I get most of my ideas in the shower. It might be the action of lathering—the fingers massaging my scalp, preparing it like a surgeon about to lift my head’s heavy lid. I like the clash that occurs when the body zones out on autopilot, allows the mind to wander. Sometimes I'm surprised to rediscover what was intuitive to me as a child: that boredom often contains inspiration.
The shower, increasingly, is also the only place where I sing, where I like the way I sound. Here is a place of safety: of ideas and resonance. This morning, stepping out of the tub, I slipped on the damp tile before catching myself with a hand on the counter. It’s a cliché, I know, that people die like this: one moment, upright and drying off, the next, splayed and splattered on the bathroom floor. I imagine the sound it would make, traveling up the entire body, through the windpipe and out the mouth: whoomp. One final stroke of body-shaking percussion.
Undeniably, I am getting older. This is something I tend to notice the most in the shower, with my body right there for examination. But once I was a child, and there are some things my body still displays that bear proof of this: a livid white stripe on my shin from an afternoon I spent jumping from twin bed to twin bed, eventually bashing my leg open on the bed frame. Another, smaller wedge of a scar on my kneecap from tumbling down the stairs. Another faint stripe on my hand, a burn from trying to save a crumbling Pop-Tart from the toaster. So many of these, accumulating across my body like snow, leaves.
It startles me now to think how I used to catapult my body around without even paying attention to it. I also used to sing everywhere: in the shower, outside the shower, in the living room, without being embarrassed. And when I say sing I don’t mean the benign, passive nature of humming to yourself as you cook dinner, of whistling while you work—I mean belting. I was really trying: I was young enough to lack any learned apathy or shame.
Growing up, my house bellowed with the constant rotation of The Cranberries, Eva Cassidy, and Bonnie Raitt. I wanted all that they had: their powerful voices, their wisdom, how they could suddenly change tenor and key. My sister and I would put on our mother’s and aunts’ old dresses, swimming in the collars and waistlines, and dance, assuming what we thought were the rigid roles of adults, grabbing each other’s palms and swaying around the living room carpet, dipping and spinning one another like the people we saw waltzing in tuxes and gowns in old black-and-white movies. Bonnie and her cohort in our CD deck represented an adult world that I had yet to inhabit. Bonnie with the flaming red hair. Bonnie who knew what she wanted and how to go about getting it.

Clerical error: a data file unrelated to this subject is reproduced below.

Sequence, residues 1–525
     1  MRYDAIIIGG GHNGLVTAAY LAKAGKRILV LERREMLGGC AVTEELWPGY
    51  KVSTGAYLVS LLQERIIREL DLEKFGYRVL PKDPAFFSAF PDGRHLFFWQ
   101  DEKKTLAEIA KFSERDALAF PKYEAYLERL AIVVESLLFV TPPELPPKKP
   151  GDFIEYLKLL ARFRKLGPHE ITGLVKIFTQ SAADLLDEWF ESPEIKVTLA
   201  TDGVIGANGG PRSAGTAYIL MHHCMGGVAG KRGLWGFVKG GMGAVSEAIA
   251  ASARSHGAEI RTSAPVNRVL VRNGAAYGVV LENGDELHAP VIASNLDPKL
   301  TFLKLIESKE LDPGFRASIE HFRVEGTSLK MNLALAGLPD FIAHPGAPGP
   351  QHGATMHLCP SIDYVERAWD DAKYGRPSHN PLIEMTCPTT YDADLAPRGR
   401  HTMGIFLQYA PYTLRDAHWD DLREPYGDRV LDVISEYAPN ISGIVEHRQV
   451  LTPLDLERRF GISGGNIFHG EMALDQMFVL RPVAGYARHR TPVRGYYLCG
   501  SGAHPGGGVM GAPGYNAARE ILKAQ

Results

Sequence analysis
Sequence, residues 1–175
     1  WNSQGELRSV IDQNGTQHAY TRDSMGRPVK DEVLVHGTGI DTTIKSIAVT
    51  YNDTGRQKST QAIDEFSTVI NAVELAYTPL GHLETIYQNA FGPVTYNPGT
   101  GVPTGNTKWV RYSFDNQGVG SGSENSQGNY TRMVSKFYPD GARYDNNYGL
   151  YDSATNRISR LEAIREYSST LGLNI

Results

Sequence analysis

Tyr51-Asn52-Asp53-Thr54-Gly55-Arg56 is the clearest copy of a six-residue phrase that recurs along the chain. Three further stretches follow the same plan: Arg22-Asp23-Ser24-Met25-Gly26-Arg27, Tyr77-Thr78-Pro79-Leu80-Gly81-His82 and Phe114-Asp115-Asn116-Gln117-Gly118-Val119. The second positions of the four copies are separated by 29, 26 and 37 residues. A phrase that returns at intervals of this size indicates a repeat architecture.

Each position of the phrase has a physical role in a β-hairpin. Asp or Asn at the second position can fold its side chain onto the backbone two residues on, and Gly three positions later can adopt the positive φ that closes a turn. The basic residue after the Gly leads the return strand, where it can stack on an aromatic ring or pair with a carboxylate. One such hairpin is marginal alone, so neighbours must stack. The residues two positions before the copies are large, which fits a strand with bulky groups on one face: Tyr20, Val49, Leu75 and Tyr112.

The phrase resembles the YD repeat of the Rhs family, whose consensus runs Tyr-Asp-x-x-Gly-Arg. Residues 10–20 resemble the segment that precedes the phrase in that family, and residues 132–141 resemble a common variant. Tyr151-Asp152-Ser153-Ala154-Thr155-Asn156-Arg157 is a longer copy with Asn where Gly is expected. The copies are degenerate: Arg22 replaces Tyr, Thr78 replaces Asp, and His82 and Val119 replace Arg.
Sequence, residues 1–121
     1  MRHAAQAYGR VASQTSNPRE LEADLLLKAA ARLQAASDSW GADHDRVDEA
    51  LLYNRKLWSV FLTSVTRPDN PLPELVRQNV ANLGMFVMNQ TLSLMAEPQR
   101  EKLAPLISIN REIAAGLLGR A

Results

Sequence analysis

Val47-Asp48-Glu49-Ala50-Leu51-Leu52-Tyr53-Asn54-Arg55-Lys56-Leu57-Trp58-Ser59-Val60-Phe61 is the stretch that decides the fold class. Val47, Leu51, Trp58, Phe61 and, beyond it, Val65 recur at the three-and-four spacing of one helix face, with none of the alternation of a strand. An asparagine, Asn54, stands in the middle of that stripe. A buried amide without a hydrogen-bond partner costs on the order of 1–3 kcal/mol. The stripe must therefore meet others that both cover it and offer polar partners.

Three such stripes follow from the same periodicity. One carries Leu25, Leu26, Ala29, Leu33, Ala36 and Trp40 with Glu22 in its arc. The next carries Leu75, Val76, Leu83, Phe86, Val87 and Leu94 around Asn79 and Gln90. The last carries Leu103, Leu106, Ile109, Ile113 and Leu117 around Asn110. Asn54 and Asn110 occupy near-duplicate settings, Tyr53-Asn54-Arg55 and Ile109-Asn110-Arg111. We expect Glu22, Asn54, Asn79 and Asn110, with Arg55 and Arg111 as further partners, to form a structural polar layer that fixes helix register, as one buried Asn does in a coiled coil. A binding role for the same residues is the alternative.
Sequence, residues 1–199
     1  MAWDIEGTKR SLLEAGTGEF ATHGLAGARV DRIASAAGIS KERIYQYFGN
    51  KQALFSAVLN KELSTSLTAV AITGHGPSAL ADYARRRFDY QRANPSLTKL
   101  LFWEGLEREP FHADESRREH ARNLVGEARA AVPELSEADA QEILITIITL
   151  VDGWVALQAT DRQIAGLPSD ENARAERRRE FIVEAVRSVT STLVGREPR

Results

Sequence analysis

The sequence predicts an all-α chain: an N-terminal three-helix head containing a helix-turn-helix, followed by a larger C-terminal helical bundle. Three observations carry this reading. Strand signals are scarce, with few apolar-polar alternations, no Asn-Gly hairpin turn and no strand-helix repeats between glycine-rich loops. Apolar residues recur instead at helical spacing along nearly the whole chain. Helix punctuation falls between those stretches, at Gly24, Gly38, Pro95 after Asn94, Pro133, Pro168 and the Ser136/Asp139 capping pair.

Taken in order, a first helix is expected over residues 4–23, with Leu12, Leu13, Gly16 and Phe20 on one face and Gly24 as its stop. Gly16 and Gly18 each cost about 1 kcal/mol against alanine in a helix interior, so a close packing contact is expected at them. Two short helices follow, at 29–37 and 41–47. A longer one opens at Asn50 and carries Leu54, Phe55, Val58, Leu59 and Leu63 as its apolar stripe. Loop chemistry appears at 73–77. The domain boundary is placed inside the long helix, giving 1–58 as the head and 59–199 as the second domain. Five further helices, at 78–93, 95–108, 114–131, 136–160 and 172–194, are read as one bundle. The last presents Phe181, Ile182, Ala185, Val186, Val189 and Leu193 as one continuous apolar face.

Their music offered a disturbing spectrum of emotion that I could sense was, at that time, beyond me, winking far off like a shard of glass on the street. That music, Bonnie’s leaping voice, is my first memory of songs conveying something so big and abstract, something outside myself; that wordless chords could connote an emotion.
As a kid, I daydreamed about being a musician simply because I loved music. That’s only partly true. I see now that I wanted to be a musician because singing and playing an instrument seemed to be a way to have creative control over your life: a way of growing up without ever having to a grow up, to have fun all the time. The adults I knew—my parents, and the friends of my parents, and the parents of my friends—stood over pots of chickpeas on the stove. They sat on a couch and talked about boring things I didn’t understand, and the books they read were set in small type with no pictures. They read the newspaper while wearing slippers, and drove minivans and talked in parking lots to other adults while dropping off their children. In other words, the adults I saw in my day-to-day life were nothing like Bonnie, as far as I could see, or any musician for that matter.
I did not envy them. I wanted instead to be the beam of energy spilling through the speakers. I wanted to be as electric as the white streak punctuating Bonnie’s hair.
In many ways, I felt like these singers were asking me: So, what kind of person are you preparing to be? What kind of woman? It’s interesting to go back now, years and years later, and really listen to Bonnie Raitt, especially on Give It Up, and hear all these discrepancies I never noticed as a child, to hear Bonnie as a powerful woman singing with confidence and authority about how helpless she feels, how down and out, a woman who needed a man to love her, a woman who would not make it on her own. I know this is, of course, somewhat essential to the blues, and, more widely, to the entire medium of song. This slippage is what makes her intriguing, her music full of contradictions. Isn’t that healthy? Isn’t that what being an adult means—being human?
Whenever I sang along with Bonnie, my mind would clear and smooth itself, a sheet settling over a bed. I felt, almost, like I could control time by losing myself in a song I knew as well as myself. Dancing and singing and falling and slipping: my dumb body just trying to navigate its way through the world. Bent over backwards at the waist with my sister’s hand on the small of my back, my head flung upside down, blood pounding in my ears, it was easy for just a second to forget where I was, to forget entirely about where I was going to step next.